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the Spirit of the Lord into the soul I rejoice at thy word, says the Psalmist, as one that finueth great poil, Pfal. cxix 162. Yet it is but an imperfect discovery we have of it while here. How ravishing then will it be, to see the opening of the whole treasure, hid in that field! they thall also be let into the understanding of the works of God. The beauty in the works of creation and providence will then be set in a due light. Natural knowledge will be brought to perfection by the light of glory. The web of providence concerning the church, and all men whatsoever, will then be cut out, and laid before the eyes of the faints, and it will appear a inott beautiful mixture; so as they shall say together, on the view of it, he hath done all things well. But, in a special manner, the work of redemption thall be the eternal won. der of the saints, and they will admire and praise the glorious contrivance for ever. Then thall they get a tull view of its suitableness to the divine perfections, and to the case of finners': and clearly read the covenant, that past betwixt the Father and the Son, from all eternity, touching their salvation. They Mall for ever wonder and praise, and praise and wonder at the mysteries of wisdom and love, goodness and holiness, mercy and justice, appearing in the glorious device. Their souls Mall be eternally satisfied with the Fight of God himself, and of cheir elećtion by the Father, their re. demption by the Son, and application thereof to them by the Holy Spirit.'
2. The saints in heaven Mall enjoy God in Chrilt by experimen. tal knowledge, which is, when the object itf If is given aod poslefsed. This is the participation of the divine goodness in full measure; which is the perfection of the will, and utmolt term thereof. The Lamb Mall lead them unto living fountains of waters, Rev. vii. 17. These are no other but God hinielt, the fountain of living waters, who will fully and freely communicate himself unto them. He will pour out of his goodness eternally into their souls: and then shall they have a most lively sentation, in the innermost part of their fouls, of all that goodness they heard of, and believed to be in him; and of what they see in him by the light of glory. This will be an everlasting practical exposition of that word, which men and angels)
cannot fufficiently unfold, to, wit, God himself shall--be their God, * Rev. xi. 3. God will communicare himself unto them fully: they will no more be fit to taste of the streams of divine goodness in
ordinances, as they were wont, but shall drink at the fountain-head. • They will be no more entertained with fips and drops, but filled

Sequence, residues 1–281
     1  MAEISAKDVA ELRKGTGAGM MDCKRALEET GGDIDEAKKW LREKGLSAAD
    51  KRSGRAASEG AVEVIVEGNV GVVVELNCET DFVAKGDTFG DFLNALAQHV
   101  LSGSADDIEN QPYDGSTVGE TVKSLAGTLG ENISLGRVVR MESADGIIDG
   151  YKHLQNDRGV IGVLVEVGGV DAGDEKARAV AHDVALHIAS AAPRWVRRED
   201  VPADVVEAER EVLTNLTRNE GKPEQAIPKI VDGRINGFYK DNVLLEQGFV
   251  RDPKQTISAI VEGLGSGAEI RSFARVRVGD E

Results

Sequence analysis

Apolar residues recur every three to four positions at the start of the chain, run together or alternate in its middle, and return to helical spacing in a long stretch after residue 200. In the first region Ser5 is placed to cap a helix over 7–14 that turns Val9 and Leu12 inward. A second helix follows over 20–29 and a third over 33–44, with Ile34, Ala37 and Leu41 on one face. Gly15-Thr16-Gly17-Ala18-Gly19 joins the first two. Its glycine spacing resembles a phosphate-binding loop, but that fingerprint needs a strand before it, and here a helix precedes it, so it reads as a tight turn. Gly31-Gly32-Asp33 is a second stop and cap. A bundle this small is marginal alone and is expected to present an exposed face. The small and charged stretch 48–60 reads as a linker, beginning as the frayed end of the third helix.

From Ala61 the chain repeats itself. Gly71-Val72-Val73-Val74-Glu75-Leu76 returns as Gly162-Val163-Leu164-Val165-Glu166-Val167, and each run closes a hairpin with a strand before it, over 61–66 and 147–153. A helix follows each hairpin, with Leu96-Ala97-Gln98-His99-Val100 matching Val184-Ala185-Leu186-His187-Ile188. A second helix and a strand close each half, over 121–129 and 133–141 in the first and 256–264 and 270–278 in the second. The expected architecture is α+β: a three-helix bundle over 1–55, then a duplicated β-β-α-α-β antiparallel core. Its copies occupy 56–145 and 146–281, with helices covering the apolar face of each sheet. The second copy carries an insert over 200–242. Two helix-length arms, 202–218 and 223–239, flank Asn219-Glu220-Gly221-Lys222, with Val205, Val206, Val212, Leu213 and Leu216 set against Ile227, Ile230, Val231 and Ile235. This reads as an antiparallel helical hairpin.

with all the fulaess of God. And this will be the entertainment of every faint; for though in created things, what is given to one, is withheld from another; yet an infinite good can fully communicate itself to all, and fill all.' These who are heirs of God, the great beritage, ihall then enter into a full possession of their inheritances: and the Lord will open his treasures of goodness unto them, that their enjoyment miy be full. They shall not be finted to any
measure: but the enjoyment Mall go as far as their enlarged capa. cities can reach. As a narrow vele) cannot contain the ocean, fo neither can the infinite creature comprehend an infinite good : but no measure shali be set to the enjoyment, but what arisech from the capacity of the creature, So that, ali hough there be degrees of glory, yer all shall be filled, and have what they can hold; tho' some would be capable to hold more than others, there will be no want to any of them, all shall be fully satisfied, and perfe&tly bles. sed in the full enjoyment of divine goodness, according to their enlarged capacities. As when bottles of different sizes are filled, some contain more, others less; yet all of them have what they can contain. The glorified shall have all, in God, for the satisfaction of all their defires. No created thing can afford satisfaction to all our defires : clothes may warın us, but they cannot feed us ; the light is comfortable, but cannot nourish us. Bui in God we shall have all our desires, and we shall desire nothing without him. They shall be the happy ones, that desire nothing but what is truly desirable; and withal have all they desire. God will be all in all to the saints; he will be their life, health, riches, honour, peace, and all good things. He will communicate himself freely to them: the door of accels to him shall never be shut again, for one moment. They may, wben they will, take of the fruits of the tree of life, for they will find it on each fide the river, Rev. xxii. 2. There will be no vail betwixt God and them, to be drawn afide; but his ful. ness hall ever stand open to them. No door to knock at, in heaven; no asking to go before receiving; the Lord will allow his people an unreltrained familiarity with himself there.
Now they are in part made partakers of the divine nature; but " then they shall perfectly partake of it; that is to say, God will